The Allure of Gothic Horror

The woman wears a long velvet dressing gown over a lace peignoir that froths around her ankles like seafoam as she runs across the moor. In the distance, the shape of a house grown vast and gloriously terrible beyond any architect’s dreams looms, bleak and menacing and wonderful. The moon is high enough to light the scene; the sun is a lie told by nannies to their charges to keep them from being afraid of the monsters in the night. The monsters are not a lie. The monsters are real. The monsters are already inside the house. The monsters are in the blood and the bone and walls, the monsters are here, the monsters are pursuing the woman through the heather, toward the cliffs overlooking the sea, the monsters are sitting down in the parlor for slices of cake and cups of tea.

Welcome to the gothic horror.

Generally accepted to have originated in England with The Castle of Otranto (1764), the gothic horror genre balances in a strange hinterland between modern horror and fairy tale, pulling in elements of romance, realism, and the German Räuberroman, or “robber novel.” It is a genre where houses have hearts that can be broken and corrupted, where families wither under the weight of terrible secrets spanning generations, where lightning can do anything, and where women flee across the moors at the slightest provocation, and generally without pausing to put on sensible shoes. It ranges from the truly supernatural, filled with vampires and werewolves and men who always sound to me like Vincent Price in his heyday, to what is called the “explained supernatural,” a genre conceit which most people are probably familiar with from the various adventures of Scooby-Doo and the gang.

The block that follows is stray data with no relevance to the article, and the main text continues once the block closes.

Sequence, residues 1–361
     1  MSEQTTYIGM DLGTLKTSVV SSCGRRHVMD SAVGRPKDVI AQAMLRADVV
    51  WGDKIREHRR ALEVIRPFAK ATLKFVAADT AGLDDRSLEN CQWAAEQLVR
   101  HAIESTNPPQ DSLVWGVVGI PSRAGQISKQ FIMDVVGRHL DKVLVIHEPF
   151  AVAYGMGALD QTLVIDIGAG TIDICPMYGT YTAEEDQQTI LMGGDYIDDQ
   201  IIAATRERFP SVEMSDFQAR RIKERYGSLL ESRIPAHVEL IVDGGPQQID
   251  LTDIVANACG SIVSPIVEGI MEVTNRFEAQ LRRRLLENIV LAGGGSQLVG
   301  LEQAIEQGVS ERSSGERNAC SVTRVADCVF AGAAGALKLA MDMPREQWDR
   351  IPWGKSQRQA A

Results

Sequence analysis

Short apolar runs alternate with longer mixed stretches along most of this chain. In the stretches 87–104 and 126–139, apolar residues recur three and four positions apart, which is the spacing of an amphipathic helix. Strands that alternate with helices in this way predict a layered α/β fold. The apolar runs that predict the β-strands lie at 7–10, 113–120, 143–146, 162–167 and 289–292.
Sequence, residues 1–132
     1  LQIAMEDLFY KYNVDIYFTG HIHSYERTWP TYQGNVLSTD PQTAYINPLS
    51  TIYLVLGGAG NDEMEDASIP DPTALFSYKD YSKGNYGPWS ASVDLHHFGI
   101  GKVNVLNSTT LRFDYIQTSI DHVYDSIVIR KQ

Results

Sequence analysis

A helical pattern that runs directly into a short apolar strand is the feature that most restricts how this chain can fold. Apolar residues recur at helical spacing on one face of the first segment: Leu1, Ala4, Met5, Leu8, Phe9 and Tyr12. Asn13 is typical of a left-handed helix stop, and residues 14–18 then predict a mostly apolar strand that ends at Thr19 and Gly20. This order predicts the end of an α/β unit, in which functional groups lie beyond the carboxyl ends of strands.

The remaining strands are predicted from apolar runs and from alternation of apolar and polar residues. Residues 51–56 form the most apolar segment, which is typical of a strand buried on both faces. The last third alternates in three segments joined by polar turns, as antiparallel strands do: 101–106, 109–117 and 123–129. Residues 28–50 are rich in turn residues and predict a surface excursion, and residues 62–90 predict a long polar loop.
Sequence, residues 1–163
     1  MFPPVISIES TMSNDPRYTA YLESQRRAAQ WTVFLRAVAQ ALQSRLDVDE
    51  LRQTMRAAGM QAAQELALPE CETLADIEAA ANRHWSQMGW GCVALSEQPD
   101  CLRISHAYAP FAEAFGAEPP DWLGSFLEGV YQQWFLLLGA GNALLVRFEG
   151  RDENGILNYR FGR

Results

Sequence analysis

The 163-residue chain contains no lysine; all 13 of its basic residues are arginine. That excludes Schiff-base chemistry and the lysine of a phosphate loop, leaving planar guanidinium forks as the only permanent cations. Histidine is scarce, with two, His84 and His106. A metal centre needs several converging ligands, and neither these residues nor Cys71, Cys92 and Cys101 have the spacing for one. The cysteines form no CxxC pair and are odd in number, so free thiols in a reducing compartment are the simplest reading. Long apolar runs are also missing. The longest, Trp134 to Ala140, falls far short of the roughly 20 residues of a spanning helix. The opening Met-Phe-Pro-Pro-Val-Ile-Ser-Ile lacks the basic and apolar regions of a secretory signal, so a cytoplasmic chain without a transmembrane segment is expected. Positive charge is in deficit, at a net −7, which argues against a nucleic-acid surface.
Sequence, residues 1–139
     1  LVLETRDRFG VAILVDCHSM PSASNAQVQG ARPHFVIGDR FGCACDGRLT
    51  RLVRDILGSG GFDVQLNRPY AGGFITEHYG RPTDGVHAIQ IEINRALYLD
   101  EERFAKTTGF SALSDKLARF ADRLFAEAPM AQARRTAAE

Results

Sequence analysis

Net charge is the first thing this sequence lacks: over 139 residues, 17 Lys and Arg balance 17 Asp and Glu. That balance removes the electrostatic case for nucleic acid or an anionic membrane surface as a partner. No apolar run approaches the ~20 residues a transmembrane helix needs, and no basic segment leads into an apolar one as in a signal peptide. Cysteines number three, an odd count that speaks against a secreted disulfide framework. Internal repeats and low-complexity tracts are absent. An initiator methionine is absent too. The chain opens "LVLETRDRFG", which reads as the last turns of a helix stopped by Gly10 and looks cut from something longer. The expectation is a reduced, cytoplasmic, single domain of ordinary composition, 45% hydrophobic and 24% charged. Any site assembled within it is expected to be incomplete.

(One can, in fact, make a strong case for various of Scooby’s spinoffs being true gothic horror tales. The quantity of horror is not dictated by the genre, only the nature of the horror, and whether you’re looking at something like Scooby-Doo, Where Are You!, which belongs firmly to the explained supernatural/robber novel camp, or something like the more recent Scooby-Doo: Mystery Incorporated serials, which are modern gothic horror by almost any measure, the nature of the horror itself is very much in the gothic vein.)

I’m fond of saying that there are absolute genres and genres that are as much about the mood and feeling of the story as they are about following strict rules. This division, imprecise as it is, is what allows for mix-and-match genres. Science fiction, for example, requires a certain amount of technology beyond our own: things that were science fiction twenty years ago may be modern fiction today, as innovation catches up to and passes by them. Horror, which is more of a mood than a set of absolute rules, becomes the overlay that can be slapped onto almost any absolute genre. Science fiction horror? Got it: Alien, Cabin Fever. Fantasy horror? Wishmaster, Troll. Horror adds to what’s already there. It modifies and accents.

Think of it this way. Some genres build the house. Other genres come along and decorate it.

Gothic horror is a very decorative genre.

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